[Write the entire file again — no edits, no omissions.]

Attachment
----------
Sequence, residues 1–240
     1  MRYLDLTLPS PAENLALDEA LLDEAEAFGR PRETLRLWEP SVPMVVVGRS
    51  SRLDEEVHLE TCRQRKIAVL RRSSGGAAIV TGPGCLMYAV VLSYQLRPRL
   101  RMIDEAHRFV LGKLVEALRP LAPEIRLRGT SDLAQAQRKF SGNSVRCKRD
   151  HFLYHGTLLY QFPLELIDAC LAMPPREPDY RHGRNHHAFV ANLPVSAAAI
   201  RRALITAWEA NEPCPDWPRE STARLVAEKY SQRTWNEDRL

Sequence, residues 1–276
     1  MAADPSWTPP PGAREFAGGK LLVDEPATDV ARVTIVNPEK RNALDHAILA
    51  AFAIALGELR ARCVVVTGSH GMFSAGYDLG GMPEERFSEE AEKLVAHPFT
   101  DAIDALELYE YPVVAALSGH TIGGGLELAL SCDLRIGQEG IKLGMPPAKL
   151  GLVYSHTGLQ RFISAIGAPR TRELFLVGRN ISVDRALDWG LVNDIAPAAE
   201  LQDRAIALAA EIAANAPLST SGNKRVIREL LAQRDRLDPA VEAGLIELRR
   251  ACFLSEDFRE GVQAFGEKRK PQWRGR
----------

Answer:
Sequence, residues 1–240
     1  MRYLDLTLPS PAENLALDEA LLDEAEAFGR PRETLRLWEP SVPMVVVGRS
    51  SRLDEEVHLE TCRQRKIAVL RRSSGGAAIV TGPGCLMYAV VLSYQLRPRL
   101  RMIDEAHRFV LGKLVEALRP LAPEIRLRGT SDLAQAQRKF SGNSVRCKRD
   151  HFLYHGTLLY QFPLELIDAC LAMPPREPDY RHGRNHHAFV ANLPVSAAAI
   201  RRALITAWEA NEPCPDWPRE STARLVAEKY SQRTWNEDRL

Sequence, residues 1–276
     1  MAADPSWTPP PGAREFAGGK LLVDEPATDV ARVTIVNPEK RNALDHAILA
    51  AFAIALGELR ARCVVVTGSH GMFSAGYDLG GMPEERFSEE AEKLVAHPFT
   101  DAIDALELYE YPVVAALSGH TIGGGLELAL SCDLRIGQEG IKLGMPPAKL
   151  GLVYSHTGLQ RFISAIGAPR TRELFLVGRN ISVDRALDWG LVNDIAPAAE
   201  LQDRAIALAA EIAANAPLST SGNKRVIREL LAQRDRLDPA VEAGLIELRR
   251  ACFLSEDFRE GVQAFGEKRK PQWRGR